On another lovely sunny morning I set off soon after Sue had pedalled off to work, on an experimental route involving a visit to Bury, then across to the Rochdale Canal in Middleton, and back home along the towpaths.
On the way to Waters Meet my leisurely pace saw whizzing commuters passing in both directions whilst I dodged the overhanging willow trees and admired reflections on the glassy surface in the bright morning light.
Crossing to the Rochdale link of the Bridgewater Canal (via the distant bridge in the photo above), I passed the jumble of construction work at Pomona Dock where the Trafford Centre Metrolink line is being constructed.
A tram rumbled along towards Pomona station.
Approaching Castlefield Basin, I located Regent Bridge and National Cycle Trail number 6. I was to follow this trail all the way to Bury, initially beside roads as the route passed the building sites of Salford, seen here on Adelphi Street.
I’ll try a different route next time, taking advantage of some paths by the River Irwell rather than the roads chosen by route 6.
Beyond Agecroft Bridge, constructed in 1892 by Manchester Corporation to carry water pipes from the Lake District, the route entered pleasant woodland and passed through an area of historic industrial archaeology. This totem pole is one of the Irwell Sculpture Trail exhibits.
The route is well signposted. There are lots of parks around here.
Having said that, it’s unclear as to whether to go under this bridge or go off to the right. Either route leads to the continuation of route 6 on the top of the bridge.
Another sculpture was passed. Some correspondents have been critical of the perceived paucity of sculptures along the Irwell Sculpture Trail. It’s a long trail, and the exhibits comprise industrial artefacts placed at wide intervals.
A fairly lengthy section of woodland made for easy, enjoyable riding. I met a policewoman on a horse, but nobody else.
The final section into Bury was beside the Manchester Bolton & Bury Canal, a disused canal built in 1808 to link Bolton and Bury with Manchester. The canal, when fully opened, was 15 miles long and was accessed via a junction with the River Irwell in Salford.
The next picture is of the Rochdale Canal in Middleton. I took no intervening photos as I wrestled my way across the grain of the transport arteries.
After 30km I stopped to take advantage of my flask and banana in a small park by Wellington Road. I then headed along Gigg Lane towards Pilsworth. What looked like a good route beyond Brick House turned out to be a horrible path outside the boundary of a golf course where visitors on cycles were not welcomed.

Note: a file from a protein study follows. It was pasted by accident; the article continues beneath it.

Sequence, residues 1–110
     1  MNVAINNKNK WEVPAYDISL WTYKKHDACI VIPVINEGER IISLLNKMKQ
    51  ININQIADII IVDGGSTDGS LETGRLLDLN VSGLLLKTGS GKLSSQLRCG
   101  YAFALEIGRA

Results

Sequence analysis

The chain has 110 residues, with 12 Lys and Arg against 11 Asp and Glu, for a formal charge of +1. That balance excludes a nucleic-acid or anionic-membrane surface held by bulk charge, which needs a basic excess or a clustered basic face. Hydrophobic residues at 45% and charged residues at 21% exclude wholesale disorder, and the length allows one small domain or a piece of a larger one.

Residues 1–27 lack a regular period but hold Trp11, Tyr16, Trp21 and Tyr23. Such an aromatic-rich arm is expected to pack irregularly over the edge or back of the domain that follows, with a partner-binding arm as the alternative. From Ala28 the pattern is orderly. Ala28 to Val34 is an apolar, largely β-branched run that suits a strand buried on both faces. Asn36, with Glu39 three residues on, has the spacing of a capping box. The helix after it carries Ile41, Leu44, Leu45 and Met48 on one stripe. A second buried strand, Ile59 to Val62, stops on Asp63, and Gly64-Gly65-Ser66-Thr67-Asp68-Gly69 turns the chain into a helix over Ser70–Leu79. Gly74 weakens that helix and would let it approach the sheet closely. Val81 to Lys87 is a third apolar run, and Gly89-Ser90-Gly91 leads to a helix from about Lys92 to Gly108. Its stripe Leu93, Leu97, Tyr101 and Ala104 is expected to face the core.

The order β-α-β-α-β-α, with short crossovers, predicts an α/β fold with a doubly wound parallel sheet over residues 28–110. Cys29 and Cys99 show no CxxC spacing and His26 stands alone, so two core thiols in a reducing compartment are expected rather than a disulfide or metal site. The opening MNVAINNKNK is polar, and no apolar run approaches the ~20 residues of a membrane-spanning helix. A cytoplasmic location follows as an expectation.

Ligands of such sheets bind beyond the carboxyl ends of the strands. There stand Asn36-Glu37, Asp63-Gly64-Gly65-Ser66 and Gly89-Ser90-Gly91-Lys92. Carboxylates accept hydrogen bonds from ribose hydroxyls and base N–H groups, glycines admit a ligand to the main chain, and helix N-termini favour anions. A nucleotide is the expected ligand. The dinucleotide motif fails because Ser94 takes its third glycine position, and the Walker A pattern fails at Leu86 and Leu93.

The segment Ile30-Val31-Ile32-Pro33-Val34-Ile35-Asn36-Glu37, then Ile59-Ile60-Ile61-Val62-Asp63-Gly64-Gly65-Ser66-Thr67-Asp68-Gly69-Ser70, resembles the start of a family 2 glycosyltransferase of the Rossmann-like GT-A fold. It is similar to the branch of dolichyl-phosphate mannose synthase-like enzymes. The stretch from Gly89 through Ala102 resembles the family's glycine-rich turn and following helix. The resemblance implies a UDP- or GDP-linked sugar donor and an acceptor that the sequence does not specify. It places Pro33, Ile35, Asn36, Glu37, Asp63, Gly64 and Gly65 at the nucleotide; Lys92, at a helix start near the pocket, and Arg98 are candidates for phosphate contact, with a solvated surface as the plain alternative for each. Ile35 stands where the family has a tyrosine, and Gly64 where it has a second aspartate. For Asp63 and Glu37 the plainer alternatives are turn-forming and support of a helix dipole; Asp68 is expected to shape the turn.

So my next attempt at this route will take a more northerly direction along tracks and roads that look more favourable.
On this occasion I headed south through Unsworth and across the M66 to another golf course dead end. Later, a good path around the northern perimeter of Heaton Park led to a footbridge over the M60. What appeared to be a white road beyond the little used footbridge turned out to be a farmer’s field.
Retracing again, I made my way successfully through Simister and past The Same Yet pub that I used to visit regularly when living in Blackley, to Middleton and the Rochdale Canal.
Navigation was no longer a problem. Just stick to the towpath apart from a short section in the gay village in Manchester, where the road next to the canal needs to be taken. There are some sections that go under buildings in the city centre, but the canal goes through pleasant countryside even in places like Chadderton.
Large flocks of Canada Geese rule the roost in these parts. In the Miles Platting area a short section of canal has been drained. It’s quite a mess.
Eventually the Castlefield Basin was reached. Anyone coming this way for the first time could be confused by the canal network here. You come across the Merchants’ Bridge pictured below, then double back to the left of the picture.
It was still a lovely day and a delight to be outdoors on this gentle ride. The route should have been about 70km, but I actually rode for 80km. If you look closely at the map below you might just spot a couple of significant ‘there and back’ incidents between Bury and Middleton. Considering the length of the route, the ascent data of about 400 metres really indicates a basically flat route. In fact it’s all downhill from Middleton. It took me a most enjoyable six hours.